YOU ARE HERE: LAT HomeCollections

Heard on the Beat / HEALTH CARE

Consumer Advocates Call HMO Report Inadequate

September 04, 1996|Barbara Marsh | Barbara Marsh covers health care for The Times. She can be reached at (714) 966-7762 and at

As fall approaches, people across Orange County once again face a decision to either stick with their health insurance plan for another year--or switch.

Surely, consumers can use all the help they can get in evaluating plans. Still, they needn't bother consulting the state's first annual report on complaints lodged against health maintenance organizations by consumers.

The report by the Department of Corporations, which regulates health maintenance organizations, lists the total number of complaints received last year against each plan. It also breaks the totals into 32 categories, ranging from poor doctor attitude, to long wait times for appointments, to denial of treatment.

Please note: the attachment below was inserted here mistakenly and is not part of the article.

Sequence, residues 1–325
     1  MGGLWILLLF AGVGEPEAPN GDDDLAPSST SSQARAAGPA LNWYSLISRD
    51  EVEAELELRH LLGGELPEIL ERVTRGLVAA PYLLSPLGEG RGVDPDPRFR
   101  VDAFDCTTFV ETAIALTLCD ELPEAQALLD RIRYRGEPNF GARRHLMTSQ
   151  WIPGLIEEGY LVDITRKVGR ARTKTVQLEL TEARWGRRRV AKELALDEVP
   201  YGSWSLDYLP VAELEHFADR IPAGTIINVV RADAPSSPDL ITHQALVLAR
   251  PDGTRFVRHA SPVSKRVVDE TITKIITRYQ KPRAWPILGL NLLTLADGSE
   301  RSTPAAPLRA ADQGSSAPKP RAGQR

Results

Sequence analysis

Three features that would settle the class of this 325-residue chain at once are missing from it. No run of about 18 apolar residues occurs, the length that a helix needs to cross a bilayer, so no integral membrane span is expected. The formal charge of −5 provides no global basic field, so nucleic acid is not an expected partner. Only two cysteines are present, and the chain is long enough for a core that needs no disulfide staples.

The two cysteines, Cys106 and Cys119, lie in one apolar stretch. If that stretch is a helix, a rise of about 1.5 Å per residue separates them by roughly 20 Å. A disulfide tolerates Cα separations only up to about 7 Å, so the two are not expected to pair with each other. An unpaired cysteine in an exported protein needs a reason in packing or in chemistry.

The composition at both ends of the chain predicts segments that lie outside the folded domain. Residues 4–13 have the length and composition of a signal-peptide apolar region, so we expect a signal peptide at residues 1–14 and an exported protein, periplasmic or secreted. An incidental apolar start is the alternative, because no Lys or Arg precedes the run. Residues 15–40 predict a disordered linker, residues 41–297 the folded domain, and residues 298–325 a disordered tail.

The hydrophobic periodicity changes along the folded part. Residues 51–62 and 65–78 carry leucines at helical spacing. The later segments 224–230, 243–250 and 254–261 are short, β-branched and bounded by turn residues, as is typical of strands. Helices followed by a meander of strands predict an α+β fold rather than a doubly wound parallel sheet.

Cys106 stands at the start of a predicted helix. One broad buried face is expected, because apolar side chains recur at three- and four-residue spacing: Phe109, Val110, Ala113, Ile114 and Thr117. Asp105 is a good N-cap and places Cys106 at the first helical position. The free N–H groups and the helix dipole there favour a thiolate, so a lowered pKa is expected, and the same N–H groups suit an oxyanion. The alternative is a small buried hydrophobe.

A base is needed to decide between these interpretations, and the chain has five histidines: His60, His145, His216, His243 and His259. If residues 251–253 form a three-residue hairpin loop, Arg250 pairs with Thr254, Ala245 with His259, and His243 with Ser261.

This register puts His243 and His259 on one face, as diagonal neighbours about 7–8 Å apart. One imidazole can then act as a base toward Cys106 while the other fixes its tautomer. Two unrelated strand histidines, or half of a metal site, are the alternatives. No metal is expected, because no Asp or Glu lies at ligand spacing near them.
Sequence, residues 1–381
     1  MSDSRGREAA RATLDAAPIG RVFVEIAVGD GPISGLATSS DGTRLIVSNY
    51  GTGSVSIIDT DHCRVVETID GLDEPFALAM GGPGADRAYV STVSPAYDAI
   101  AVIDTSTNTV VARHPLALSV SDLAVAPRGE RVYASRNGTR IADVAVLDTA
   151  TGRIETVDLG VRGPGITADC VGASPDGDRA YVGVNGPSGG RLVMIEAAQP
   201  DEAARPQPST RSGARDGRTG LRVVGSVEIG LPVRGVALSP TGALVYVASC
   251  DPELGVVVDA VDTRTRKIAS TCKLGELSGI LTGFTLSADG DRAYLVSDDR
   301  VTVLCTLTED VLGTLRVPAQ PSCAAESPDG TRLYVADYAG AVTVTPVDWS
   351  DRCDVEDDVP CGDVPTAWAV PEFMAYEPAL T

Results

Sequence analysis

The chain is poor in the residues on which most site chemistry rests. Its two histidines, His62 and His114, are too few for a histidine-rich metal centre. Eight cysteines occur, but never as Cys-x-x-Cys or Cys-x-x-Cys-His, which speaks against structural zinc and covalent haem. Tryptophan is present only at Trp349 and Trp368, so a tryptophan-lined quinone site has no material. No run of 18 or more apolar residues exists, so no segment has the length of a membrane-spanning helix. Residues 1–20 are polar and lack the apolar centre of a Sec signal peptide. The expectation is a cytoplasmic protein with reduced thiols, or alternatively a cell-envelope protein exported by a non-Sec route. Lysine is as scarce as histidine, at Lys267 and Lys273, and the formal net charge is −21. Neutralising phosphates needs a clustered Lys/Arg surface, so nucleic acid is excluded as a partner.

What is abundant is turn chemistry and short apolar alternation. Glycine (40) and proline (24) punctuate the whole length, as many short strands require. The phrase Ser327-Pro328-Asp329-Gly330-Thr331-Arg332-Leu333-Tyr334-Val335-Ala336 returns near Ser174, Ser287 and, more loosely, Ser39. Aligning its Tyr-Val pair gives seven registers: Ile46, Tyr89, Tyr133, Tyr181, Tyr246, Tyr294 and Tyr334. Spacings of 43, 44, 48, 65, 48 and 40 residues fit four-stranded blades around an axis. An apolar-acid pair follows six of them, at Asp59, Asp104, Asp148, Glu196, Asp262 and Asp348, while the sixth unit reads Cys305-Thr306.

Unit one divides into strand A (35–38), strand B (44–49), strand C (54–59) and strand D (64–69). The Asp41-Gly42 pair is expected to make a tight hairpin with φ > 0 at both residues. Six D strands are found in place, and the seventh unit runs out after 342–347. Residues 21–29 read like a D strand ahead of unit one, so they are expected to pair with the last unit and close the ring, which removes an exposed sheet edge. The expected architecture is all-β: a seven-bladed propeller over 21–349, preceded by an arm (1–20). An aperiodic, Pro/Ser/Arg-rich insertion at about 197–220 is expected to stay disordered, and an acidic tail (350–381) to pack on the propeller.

Trouble is, say consumer advocates, the information contained in the report is of limited use. "This report should not just be taken with a grain of salt, but a whole salt lick," says Peter Lee, a lawyer for the Los Angeles-based Center for Healthcare Rights.

Lee acknowledged that while his group and others have pushed the agency to compile such data on health plans, the agency's first report can't be used to compare plans. Lee noted, for instance, that the report draws statistics both from plans that advised their members about the toll-free complaint hot line the agency set up last fall, as well as those that delayed spreading the word until this year. As a result, the rate of complaints against plans that were slow to notify their members may appear artificially low, Lee says.

Jamie Court, director for Los Angeles-based Consumers for Quality Care, also points out that the report lacks complaint data from Medicare and Medi-Cal recipients.

A department spokesman says the report provides HMO information required by law. The agency is deliberately avoiding any interpretation of the data, which should be considered along with various other reports on managed care plans, the spokesman said.

Los Angeles Times Articles